Detroit City Council Votes Yes on Amazon Distribution Center

The former Michigan State Fairgrounds is in for an industrial transformation.

In a 5-2 majority vote Tuesday, Detroit City Council officials approved plans to build an Inc. distribution center in place of the historic Michigan State Fairgrounds.

City Council members James Tate, Janeé Ayers, André Spivey, Scott Benson, Gabe Leland and Roy McCalister were all in agreement with the sale. Council President Brenda Jones and Member Raquel Castañeda-López voted against the change. Council President Pro Tem Mary Sheffield was not in attendance during Tuesday’s vote.

The decision came with some pushback from council members as well as Detroiters. 

Critics were concerned that the distribution center would not meet the expectations of supporters who say the company will help to create hundreds of thousands of jobs in the state.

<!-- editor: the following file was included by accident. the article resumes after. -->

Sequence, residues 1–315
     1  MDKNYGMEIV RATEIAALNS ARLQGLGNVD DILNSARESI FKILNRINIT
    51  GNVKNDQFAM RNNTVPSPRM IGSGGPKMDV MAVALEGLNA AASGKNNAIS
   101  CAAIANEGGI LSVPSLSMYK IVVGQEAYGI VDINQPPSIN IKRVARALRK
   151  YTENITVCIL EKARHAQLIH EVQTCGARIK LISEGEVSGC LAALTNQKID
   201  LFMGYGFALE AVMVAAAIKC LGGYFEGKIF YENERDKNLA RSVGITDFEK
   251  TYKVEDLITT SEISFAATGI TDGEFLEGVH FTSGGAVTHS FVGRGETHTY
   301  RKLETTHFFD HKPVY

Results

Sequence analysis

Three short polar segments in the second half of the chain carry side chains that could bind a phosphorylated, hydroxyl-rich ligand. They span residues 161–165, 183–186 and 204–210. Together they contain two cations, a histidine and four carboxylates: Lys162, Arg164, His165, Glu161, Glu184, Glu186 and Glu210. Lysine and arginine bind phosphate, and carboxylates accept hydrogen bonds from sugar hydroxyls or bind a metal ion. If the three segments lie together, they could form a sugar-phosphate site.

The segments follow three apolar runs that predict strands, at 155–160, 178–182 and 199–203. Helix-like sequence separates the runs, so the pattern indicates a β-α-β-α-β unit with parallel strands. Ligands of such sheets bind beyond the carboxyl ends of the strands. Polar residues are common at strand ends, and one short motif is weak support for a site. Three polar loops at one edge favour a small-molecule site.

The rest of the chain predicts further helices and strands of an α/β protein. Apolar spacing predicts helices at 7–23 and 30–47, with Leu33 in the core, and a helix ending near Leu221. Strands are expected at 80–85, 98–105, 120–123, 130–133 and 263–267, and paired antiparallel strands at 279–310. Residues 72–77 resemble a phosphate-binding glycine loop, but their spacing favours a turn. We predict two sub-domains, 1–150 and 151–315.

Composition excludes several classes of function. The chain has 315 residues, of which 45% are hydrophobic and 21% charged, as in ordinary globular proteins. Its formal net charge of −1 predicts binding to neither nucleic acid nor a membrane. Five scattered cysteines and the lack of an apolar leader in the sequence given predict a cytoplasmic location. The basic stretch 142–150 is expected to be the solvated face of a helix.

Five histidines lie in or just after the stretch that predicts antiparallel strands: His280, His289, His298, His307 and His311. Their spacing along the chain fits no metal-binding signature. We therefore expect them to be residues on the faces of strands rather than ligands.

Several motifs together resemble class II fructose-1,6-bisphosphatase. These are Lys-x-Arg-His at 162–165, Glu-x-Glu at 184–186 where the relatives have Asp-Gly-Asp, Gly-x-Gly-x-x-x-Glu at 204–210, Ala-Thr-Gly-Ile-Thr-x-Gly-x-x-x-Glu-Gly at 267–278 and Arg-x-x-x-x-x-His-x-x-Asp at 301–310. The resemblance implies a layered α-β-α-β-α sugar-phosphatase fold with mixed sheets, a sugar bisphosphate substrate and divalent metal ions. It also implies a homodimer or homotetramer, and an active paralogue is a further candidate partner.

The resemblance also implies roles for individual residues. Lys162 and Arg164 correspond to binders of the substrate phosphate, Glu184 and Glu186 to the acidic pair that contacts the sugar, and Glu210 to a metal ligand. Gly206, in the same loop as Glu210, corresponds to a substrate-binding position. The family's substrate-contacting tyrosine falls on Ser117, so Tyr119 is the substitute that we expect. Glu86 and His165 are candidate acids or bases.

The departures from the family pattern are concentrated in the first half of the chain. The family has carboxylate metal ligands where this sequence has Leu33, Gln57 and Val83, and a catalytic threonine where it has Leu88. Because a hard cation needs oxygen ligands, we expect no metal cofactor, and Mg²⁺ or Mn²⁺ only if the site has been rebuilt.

“This deal…sets no goals or metrics for outreach or a partnership with Detroit Employment Solutions Corporation to ensure the 1,200 permanent jobs are filed by Detroiters,” Jones wrote in a statement. “These non-skilled labor jobs pay $15 per hour with benefits. These are jobs that can easily be filled by Detroit residents who are ready to work and bring value to Amazon, while providing a meaningful quality of life to their families and contribute to the city’s tax base. These are the types of jobs many Detroiters need.”

Others worry the industrial site will have negative effects on the health of citizens. 

Amazon plans to hire a minimum of 1,200 Michiganders in connection with the new distribution center. 

A standing condition in the sale, The Sterling Group and Hillwood Investment Properties, the buyers involved with developing the site, are required to pay for a Detroit Department of Transportation transit center totaling $7 million. They are also required to hire Detroiters for more than half of construction work hours and are expected to work with local unions. Failure to do so will result in fines. 

“With Council approval now in place, construction is expected to begin in the coming weeks,” Mayor Mike Duggan said in a statement.

The project is set to be completed in 2022.

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